1. Kathy – So, it is the united voice of the Church because the authorities and you share the same theology? And that some of our fellow Catholics are angry, feel hurt, are considering resigning their priesthood, will not implement it in their parish, etc., says nothing about whether we’re a united Church? Well that simplifies things. Now we know that strong disagreements and outright battles pose no danger to Church unity… as long as we define unity correctly.

  7. Kathy,

    Just to clarify, the BCP is not an original work in its entirety, but contains both translations of the Latin Mass parts that were to be incorporated into the Anglican Rite as well as prayers composed by Cramner. The latter were drawn from the Sarum Rite. Cramner’s translations were an attempt not only to find elegant vernacular translations of the Latin Rite, but also to more firmly ground the Anglican Rite in its theology. Not so different from what we are about here.

    I agree with Fr. Ruff that the literary quality should be high – or perhaps I would prefer to say that the words should breathe life into our prayer. The current translation taste bland to me, much like the controlled vocabulary readers of my youth – but the new one reads aloud like a 19th century theology lesson. I’m hoping that when celebrated as liturgy it will come to life!

  8. Father,

    You wrote, “I think these parts are highly relevant – that a new text should be the united voice of the church and not of one triumphant party, and that the literary quality should be high.” Can we reflect back on the 1973 translation using the same standards? Was it not one triumphant party “in the know” who originally provided us with the translations we now have? Is the literary quality high? Of course, I have my own assumed answers to these questions, but I ask them with sincerity. Setting aside the fact that C.S. Lewis had no magisterial authority, nor was he even Catholic, can any of us envision a time, prior to the Second Coming, that the Church will have one united voice with regard to Liturgical issues, especially given the level of ignorance most of us possess when it comes to liturgy (myself included… and I’m an enthusiast!)? Regarding quality – if the hierarchy which gave us the first translation should recognize its defects, should it not attempt…

  9. Mark, you raise good points. Personally I would say that the literary quality of 1973 is not good, but my sense is that the unity of the church was quite strong then. The vast majority of Catholics accepted the reforms which were implemented from above. Of course the reforms were from above back then because we didn’t yet have all the consultative structures as now and hadn’t yet applied all the Council’s teachings on collegiality and consultation. In comparison, I’m hearing very mixed opinions on the literary quality of the coming translation. And it is being imposed from above with much more opposition than in 1973, and upon people who have come to believe in and expect collegiality and consultation. And of course ultimately, whatever was wrong about 1973 would not justify doing the some wrongs this time around.

  10. Michelle,

    I agree that the upcoming translation sounds a bit surprising. However, how much of our expectations have been shaped by the banal language of the last forty years? I think we should wait–to pass judgment on the “prayerfulness” of the new texts. I share your hope. When I speak the presidential prayers, I hear quite a bit of silence.

    Let me put this another, personal way. When I have trouble expressing my thoughts in prayer to God, sometimes I deliberately pray in Spanish instead. I don’t speak Spanish well, and somehow this helps.

  11. I got a chance to study some of the new translation texts in a class on the Roman Missal, and overall I’d say that they’re better than the current ICEL translation i.e. They sound better read aloud and carry more of what’s actually in the Latin. Having said that, however, I wouldn’t consider it fully English vernacular. Instead, it seems to be trying to create some hybridized “sacral vernacular” as called for in Liturgiam Authenticam that retains strict faithfulness to the original Latin.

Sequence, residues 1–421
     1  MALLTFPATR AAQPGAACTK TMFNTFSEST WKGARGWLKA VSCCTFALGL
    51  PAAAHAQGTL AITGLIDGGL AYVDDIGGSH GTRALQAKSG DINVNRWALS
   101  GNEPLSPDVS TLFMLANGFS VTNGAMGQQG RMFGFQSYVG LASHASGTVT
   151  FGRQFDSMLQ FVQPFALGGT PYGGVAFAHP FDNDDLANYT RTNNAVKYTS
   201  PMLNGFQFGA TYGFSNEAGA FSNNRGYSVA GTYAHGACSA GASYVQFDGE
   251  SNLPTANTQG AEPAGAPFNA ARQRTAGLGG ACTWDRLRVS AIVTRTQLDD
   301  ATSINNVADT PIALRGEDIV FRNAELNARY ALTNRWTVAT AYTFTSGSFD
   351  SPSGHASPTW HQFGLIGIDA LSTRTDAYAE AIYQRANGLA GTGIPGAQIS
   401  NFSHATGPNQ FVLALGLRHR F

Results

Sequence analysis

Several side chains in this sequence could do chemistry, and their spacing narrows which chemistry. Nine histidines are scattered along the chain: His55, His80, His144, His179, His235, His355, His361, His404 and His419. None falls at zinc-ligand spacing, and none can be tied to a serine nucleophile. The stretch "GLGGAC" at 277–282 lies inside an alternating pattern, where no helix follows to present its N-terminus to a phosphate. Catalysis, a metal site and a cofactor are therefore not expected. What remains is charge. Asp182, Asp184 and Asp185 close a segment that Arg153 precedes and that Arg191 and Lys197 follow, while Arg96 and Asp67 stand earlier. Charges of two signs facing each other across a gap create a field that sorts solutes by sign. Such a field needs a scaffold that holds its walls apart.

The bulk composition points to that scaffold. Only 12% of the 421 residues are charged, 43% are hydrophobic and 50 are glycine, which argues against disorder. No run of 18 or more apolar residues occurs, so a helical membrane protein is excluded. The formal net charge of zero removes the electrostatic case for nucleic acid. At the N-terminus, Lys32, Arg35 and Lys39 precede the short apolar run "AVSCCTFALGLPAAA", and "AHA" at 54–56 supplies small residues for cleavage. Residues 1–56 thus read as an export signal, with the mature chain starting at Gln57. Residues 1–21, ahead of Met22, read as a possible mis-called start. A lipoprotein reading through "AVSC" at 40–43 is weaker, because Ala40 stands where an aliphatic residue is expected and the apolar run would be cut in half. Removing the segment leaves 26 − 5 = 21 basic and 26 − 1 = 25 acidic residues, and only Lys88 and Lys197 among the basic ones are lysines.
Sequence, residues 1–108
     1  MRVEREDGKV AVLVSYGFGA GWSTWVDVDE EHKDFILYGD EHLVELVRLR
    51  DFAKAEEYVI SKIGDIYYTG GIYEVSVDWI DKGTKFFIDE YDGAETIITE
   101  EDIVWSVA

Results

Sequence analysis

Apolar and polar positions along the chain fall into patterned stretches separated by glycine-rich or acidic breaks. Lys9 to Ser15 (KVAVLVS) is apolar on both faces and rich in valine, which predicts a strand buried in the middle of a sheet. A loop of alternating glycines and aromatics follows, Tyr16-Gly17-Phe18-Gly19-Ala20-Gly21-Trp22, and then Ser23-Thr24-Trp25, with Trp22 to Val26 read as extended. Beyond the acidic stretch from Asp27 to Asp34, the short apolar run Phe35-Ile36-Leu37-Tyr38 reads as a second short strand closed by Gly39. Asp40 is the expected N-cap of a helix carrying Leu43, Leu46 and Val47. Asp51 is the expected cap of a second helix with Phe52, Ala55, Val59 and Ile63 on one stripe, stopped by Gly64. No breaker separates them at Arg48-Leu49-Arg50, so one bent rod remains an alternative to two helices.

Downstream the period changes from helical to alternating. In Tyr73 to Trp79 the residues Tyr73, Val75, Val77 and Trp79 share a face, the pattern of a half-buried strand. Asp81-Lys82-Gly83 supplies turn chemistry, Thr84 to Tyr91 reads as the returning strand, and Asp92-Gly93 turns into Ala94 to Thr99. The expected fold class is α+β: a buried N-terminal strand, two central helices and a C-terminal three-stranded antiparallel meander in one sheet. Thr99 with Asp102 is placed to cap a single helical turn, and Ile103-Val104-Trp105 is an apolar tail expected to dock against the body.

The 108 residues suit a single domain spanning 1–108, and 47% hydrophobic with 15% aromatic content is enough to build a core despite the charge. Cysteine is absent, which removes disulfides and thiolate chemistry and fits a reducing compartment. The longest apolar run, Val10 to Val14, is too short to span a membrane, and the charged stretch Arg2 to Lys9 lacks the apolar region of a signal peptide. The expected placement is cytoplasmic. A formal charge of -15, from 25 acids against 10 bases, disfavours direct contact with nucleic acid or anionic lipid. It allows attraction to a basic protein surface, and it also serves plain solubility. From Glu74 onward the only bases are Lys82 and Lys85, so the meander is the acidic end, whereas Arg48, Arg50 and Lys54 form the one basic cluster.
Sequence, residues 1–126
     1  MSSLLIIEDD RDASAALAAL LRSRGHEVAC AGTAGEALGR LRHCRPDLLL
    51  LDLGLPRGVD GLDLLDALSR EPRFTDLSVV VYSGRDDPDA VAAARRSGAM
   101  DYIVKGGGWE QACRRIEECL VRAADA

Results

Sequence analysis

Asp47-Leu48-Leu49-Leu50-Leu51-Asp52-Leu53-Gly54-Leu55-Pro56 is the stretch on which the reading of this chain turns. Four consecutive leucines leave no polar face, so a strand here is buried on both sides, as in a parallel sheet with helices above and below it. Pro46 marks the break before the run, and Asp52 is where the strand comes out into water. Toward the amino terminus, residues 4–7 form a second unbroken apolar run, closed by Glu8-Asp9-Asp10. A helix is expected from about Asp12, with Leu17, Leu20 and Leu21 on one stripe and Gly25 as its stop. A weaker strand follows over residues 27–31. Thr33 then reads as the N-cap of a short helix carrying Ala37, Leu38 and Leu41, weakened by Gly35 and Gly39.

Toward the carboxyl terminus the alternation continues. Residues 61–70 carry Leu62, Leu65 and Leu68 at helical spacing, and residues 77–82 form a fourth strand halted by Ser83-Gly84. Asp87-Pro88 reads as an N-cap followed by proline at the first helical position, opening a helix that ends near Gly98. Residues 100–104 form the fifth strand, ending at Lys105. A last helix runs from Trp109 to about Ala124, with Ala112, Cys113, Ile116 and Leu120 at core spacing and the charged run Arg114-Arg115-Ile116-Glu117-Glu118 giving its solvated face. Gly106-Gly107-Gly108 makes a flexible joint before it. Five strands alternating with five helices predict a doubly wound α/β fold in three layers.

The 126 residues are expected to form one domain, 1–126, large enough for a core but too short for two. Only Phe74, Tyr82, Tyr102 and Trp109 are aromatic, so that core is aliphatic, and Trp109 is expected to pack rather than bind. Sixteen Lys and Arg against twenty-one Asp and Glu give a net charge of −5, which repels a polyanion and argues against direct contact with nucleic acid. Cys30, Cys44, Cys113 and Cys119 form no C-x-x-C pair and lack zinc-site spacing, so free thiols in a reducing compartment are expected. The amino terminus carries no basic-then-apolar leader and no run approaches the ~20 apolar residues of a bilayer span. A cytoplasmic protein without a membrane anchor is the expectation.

One of my big questions, though, is what happens with translations into other languages that have no relation at all to Latin. How much “faithfulness” to Latin vocabulary and syntax is possible in those languages?

  12. Fr. Ruff,

    I doubt I share the same theology, whatever that means, with “the authorities.” I’m a Thomist second, a sanjuanist first, with a soupcon of Benedictine. I’m a mutt like everyone else. Una voce is not univocity. I do share the same religion with the authorities. The new texts reflect this religion.

    The theology I’m speaking of is not disputed by any Doctor or Council that I can think of. Can you? I’m talking about our religion, not a party or caucus. It’s the universal Catholic religion. Our total dependency on God is perhaps the common thread of all of the introit antiphons of ordinary time. Thank goodness those haven’t been lost. They have clearly fallen into disuse.

    1. Having been a vocation director for over eleven years, if I heard a candidate who was applying for the priesthood tell me that he would leave the seminary if the proper Church authorities changed the language of the Mass without consulting him, I would not recommend him to the bishop for acceptance as a candidate for the seminary. If a seminarian voiced the same immature resentment, I doubt that I could recommend him to the bishop for ordination. Now we’re being told that priests are going to resign the priesthood or not implement the new translation? This is meant to move those who respect authority to sympathize with the immature and the disobedient, who by the way made a promise or vow of obedience supposedly out of mature consent? We have problems, big one, and it’s not just language in our Mass. Come Holy Spirit!

  13. Anthony Ruff, OSB :
    Kathy – So, it is the united voice of the Church because the authorities and you share the same theology? And that some of our fellow Catholics are angry, feel hurt, are considering resigning their priesthood, will not implement it in their parish, etc., says nothing about whether we’re a united Church?

    You mean sort of like what happened with Vatican II, Father? This seems like a Pot – Kettle moment.

  14. Tony, hopefully liturgical decisions would never be made from motives of revenge, if that’s what you’re suggesting.

    There are firm principles that support the new translations. I propose we keep our eyes on the ball.